I’m a big believer that WPF is a great UI technology for LOB applications. Yes, there are some shortcomings in the designer experience if you compare the WPF designer to the Windows Forms designer in Visual Studio 2008. Yes, WPF is missing some controls that people expect like a DataGrid and DatePicker, but there are solutions. For example:
- Xceed has a free DataGrid for WPF. There is even a live demo that is a WPF XBAP application
- Kevin’s WPF Bag-o-Tricks has a DatePicker and a slew of other helpful controls
- There are a number of third party controls you can find in the Control Gallery over at http://windowsclient.net.
- Scott Guthrie announced the .NET 3.5 Client Product Roadmap in February. Among other things, he mentions that "Later this year we are also planning to release a number of new controls for WPF. Included in the list we are working on are DataGrid, Ribbon, and Calendar/DatePicker controls."
I’ve updated my WPF Resources list with these links and more.
Personally, I think the benefits of the WPF programming model outweigh the shortcomings of the WPF designer in Visual Studio 2008. Some of the customers I have worked with have told me that once they get over the initial "shock" around the designer (compared to Windows Forms) and the lack of certain controls, they quickly find that they are more productive overall because they are using WPF. This will get better as the Cider team continues to improve the WPF Designer in Visual Studio. Remember that the Windows Forms designer has been around since the release of .NET 1.0! They’ve had a little more time to get all those feature in:).
One of the things I have been chatting about with some of my teammates is that there aren’t enough good samples demonstrating the use of WPF for LOB apps. I’ve been doing some research to see what’s out there. One example is the WPF sample that ships with the CSLA framework from Rockford Lhotka. I used CSLA back in the days of my life as a VB6 developer. Over the years, Rocky has evolved his framework as the .NET Framework has evolved. CSLA is primarily a Business Object framework, but it ships with example user interfaces (including Windows Forms, ASP.NET, and now WPF). The latest version has a WPF sample LOB app. I also came across Karl Shifflet. Karl’s blog has a ton of great info in it about WPF LOB apps including an 11 part series he’s started on the topic:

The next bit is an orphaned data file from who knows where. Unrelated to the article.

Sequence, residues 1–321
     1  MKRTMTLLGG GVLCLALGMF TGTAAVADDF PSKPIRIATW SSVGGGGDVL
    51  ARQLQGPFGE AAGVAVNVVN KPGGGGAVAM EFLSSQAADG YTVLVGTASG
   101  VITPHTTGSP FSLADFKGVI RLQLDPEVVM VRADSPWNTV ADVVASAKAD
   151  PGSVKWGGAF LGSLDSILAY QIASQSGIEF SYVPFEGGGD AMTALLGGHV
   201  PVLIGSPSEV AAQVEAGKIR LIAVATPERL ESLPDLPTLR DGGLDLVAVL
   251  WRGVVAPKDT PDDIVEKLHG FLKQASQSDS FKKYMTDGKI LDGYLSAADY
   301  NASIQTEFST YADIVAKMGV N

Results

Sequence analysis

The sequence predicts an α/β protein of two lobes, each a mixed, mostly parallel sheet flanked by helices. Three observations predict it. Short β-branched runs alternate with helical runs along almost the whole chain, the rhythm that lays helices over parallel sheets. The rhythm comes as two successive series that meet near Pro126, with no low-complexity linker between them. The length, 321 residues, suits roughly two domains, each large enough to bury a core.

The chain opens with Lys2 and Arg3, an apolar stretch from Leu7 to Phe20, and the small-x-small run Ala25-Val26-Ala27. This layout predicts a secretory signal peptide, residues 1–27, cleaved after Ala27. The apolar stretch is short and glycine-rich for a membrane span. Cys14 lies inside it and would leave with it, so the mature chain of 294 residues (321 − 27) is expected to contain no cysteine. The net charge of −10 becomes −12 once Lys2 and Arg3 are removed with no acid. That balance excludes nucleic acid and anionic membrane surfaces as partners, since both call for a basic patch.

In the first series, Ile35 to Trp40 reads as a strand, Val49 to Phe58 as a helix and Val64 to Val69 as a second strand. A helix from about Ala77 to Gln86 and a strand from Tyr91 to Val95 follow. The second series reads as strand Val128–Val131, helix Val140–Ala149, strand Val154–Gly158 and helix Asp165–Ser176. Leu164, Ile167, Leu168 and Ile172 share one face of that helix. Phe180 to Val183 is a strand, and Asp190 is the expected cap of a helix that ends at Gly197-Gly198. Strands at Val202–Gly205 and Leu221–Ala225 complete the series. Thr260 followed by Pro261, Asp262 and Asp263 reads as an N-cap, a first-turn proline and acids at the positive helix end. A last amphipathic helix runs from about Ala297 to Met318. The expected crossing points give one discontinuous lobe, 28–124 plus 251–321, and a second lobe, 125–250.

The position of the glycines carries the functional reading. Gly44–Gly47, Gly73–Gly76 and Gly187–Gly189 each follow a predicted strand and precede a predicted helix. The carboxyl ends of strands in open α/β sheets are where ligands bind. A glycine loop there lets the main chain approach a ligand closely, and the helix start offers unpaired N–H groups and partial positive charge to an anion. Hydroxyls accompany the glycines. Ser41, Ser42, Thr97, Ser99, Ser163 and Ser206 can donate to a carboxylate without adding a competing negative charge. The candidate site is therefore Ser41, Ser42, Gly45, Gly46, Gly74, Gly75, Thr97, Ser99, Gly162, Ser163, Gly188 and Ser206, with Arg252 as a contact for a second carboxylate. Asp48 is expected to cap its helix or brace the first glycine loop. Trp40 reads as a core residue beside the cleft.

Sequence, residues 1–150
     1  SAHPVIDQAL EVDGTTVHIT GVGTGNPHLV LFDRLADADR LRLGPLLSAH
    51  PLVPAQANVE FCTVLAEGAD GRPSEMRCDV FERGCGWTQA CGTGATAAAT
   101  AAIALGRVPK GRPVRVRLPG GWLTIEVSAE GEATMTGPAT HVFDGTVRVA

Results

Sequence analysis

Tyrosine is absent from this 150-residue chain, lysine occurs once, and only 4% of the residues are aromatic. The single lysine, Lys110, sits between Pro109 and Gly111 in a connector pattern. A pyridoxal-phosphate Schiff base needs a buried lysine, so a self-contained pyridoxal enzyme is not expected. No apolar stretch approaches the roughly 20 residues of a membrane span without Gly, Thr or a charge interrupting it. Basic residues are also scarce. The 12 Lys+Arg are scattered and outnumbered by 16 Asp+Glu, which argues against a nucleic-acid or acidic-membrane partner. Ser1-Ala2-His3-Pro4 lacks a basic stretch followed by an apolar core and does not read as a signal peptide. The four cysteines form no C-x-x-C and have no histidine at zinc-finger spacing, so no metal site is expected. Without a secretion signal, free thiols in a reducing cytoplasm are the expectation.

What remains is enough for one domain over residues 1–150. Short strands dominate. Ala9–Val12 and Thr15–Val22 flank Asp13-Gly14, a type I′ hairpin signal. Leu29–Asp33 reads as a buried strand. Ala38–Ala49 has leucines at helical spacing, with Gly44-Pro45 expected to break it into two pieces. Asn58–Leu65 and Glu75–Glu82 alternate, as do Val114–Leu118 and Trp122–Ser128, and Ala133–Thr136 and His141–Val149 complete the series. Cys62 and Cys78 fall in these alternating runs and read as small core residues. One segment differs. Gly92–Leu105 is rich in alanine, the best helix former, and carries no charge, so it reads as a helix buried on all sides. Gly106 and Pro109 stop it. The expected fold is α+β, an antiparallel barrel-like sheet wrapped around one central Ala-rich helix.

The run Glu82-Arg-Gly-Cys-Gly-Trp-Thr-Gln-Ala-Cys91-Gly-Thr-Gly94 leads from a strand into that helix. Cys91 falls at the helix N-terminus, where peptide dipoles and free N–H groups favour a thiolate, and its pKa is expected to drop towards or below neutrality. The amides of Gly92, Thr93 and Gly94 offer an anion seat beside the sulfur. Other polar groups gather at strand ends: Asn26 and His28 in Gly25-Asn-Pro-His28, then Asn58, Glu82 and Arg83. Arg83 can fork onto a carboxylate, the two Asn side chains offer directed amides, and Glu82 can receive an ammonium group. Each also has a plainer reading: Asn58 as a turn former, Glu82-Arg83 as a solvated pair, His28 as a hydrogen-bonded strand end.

WPF Business Application Series Part 1 of n – Application Structure, Skinning & Custom ToolBar Button Control
WPF Business Application Series Part 2 – Form Notification Control That Binds To IDataErrorInfo.Error Property
WPF Business Application Series Part 3 of n – Business Object Declarative Programming; How To Implement Object Validation & Logging
I’ve yet to see a sample app that does everything Karl is planning on doing plus show online/offline capability using:
- Client Application Services for Authentication / Authorization (which supports offline scenarios)
- Data Access via a local SQL Compact Edition database using LINQ to SQL or LINQ to Entities
- ADO.NET Sync Services communicating across the wire using WCF to synchronizes with the server database
- Caches lookup data and a necessary subset of the server database relative to the user in the local SQLCE database
- Allows the user to continue working offline, syncing/reconciling changes when they reconnect
I have a bunch of samples that show many of these scenarios, but I have yet to come across a complete solution bringing all of this together in a single app. Have you seen such an example? Are you aware of any other work like Karl & Rocky’s for building LOB WPF apps? Please let me know in the comments section. Thanks!